Is nine miles from Worcester, thirty-five from Birmingham, and 102 from London. It is a neat town on the north side of the Avon, near its junction with the river Bow, being a considerable thoroughfare in the lower road from Worcester to London. It is said to derive its name from the great number of pear-trees which thrive plentifully here. A religious house was founded here in 604, a small part of which now remains, and is used as the parish church of Holy Cross, the whole of which contained above ten acres; the abbey church was 250 feet long and 120 broad. The parish is of great extent, and hath within its limits many manors and chapelries. At present it has only two churches, Holy Cross and All Saints. Holy Cross has a lofty square tower, with right good bells, and a clock; and in the church are several very antique monuments. All Saints is a small church, with a square tower and six bells. – The main street is about three-quarters of a mile long, and in the direct road from London; it contains about 300 houses. Its chief manufacture is for stockings. – Market-day, Thursday; fairs Easter Tuesday, June 26, first Monday in August, and the Tuesday before the 1st of November. – The post comes in at eleven in the morning; and goes out at four in the afternoon.

Purser’s and Waine’s waggons to Worcester Wednesday and Saturday; return the same day. Ditto to Evesham Monday and Friday; return the same day.
The following is a list of the principal inhabitants:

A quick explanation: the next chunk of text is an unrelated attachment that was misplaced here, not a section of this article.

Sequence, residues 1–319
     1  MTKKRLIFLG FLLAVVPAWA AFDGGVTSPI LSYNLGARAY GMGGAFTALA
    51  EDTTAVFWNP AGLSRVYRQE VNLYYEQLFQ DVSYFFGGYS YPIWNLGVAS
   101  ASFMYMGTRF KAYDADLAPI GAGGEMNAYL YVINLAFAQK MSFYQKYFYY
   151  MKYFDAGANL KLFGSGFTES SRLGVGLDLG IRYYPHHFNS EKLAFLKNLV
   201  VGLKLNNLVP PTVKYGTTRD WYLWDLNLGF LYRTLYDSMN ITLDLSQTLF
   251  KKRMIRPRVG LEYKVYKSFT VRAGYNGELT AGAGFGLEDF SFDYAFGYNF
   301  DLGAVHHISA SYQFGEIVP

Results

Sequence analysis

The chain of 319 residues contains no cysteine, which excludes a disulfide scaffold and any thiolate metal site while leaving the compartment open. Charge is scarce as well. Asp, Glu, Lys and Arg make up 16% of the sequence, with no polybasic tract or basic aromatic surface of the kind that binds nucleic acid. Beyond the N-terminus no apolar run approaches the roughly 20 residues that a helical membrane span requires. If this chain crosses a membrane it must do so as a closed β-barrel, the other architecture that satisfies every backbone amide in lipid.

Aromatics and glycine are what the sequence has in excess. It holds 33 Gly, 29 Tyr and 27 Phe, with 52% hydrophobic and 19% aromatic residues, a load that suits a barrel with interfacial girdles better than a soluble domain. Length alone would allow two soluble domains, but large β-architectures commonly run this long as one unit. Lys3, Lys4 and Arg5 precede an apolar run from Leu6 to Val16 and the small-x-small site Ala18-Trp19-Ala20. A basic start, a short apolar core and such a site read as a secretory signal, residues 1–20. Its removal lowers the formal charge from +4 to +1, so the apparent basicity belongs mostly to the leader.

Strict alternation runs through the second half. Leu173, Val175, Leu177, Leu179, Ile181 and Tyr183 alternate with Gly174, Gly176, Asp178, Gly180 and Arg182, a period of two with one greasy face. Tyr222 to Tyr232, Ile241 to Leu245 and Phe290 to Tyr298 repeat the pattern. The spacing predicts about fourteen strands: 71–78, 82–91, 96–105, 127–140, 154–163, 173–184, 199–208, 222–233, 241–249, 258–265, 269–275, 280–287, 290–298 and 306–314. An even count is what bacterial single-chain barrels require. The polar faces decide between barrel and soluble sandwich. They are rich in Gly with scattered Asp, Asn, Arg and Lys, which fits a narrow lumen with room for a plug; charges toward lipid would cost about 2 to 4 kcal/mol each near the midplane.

Batchelor Mr. James
Bennett George, Gent.
Bradshaw Mr. George
Crompton Lady
Cruthers Mr. George
Drew Mr. John
Hackett Mr. Samuel
Hornby Mr.
Hunter Mr.
Langley John, Gent.
Marriott Mr. William
Noatsy Mr. Samuel
Perrin Mr. William
Slater Mr. Robert
Smith Mr. John
Wilson Mr. John


Mogrige Rev. John, Vicar
Smith Rev. John, Anabaptist Minister
Timbrel Rev. John


Burn John, Surgeon
Rackster Martin, Surgeon


Bedford John, Attorney
Best George, Attorney
Howell William, Attorney
Woodward Thomas, Attorney


Adams John, Taylor
Andrews James, Huckster
Andrews Samuel, Flax-dresser
Allcock Plaxton William, Coal-merchant
Ashmad William, Hatter
Baker Joseph, Ironmonger
Ballenger Thomas, Staymaker
Barnes John, Planemaker
Batt John, Farmer
Baugh Joseph, Ironmonger
Baylis John, Hair-dresser
Bell Richard, Shoemaker
Best Thomas, Hair-dresser
Best William, Maltster
Blissit Edward, Mason
Blissit John, Gardener
Blissell Mary, Linen-draper
Bourn George, Plough Inn
Bradstock George, Smith
Bromfield John, Turner
Broomhill Samuel, Linen-draper
Brown Walker, Plumber
Bunn James, Victualler
Burch Thomas, Shoemaker
Bushell William, Builder
Cape Lot, Taylor
Chambers Joseph, Baker
Clee John, Bell Inn
Collins James, Weaver
Collins Robert, Grocer
Cooper George, Staffordshireware-house
Cosnett William, Gardener
Cottrell John, Pig-dealer
Cowell John, King’s Head Inn
Crutch Thomas, Farmer
Cull Henry, Grocer
Duffield Jonathan, Gardener
Dufty John, Gardener
Ederidge Susannah, Grocer
Edwards Thomas, Baker
Farley John, Breeches-maker
Faulkner Thomas, Victualler, (Quiet Woman)
Foster William, Builder
Ganterton William, Wool-stapler
George Miss, Postmistress
Giles John, Angel Inn
Goodhall James, Glazier
Goodhall Ralph, Chandler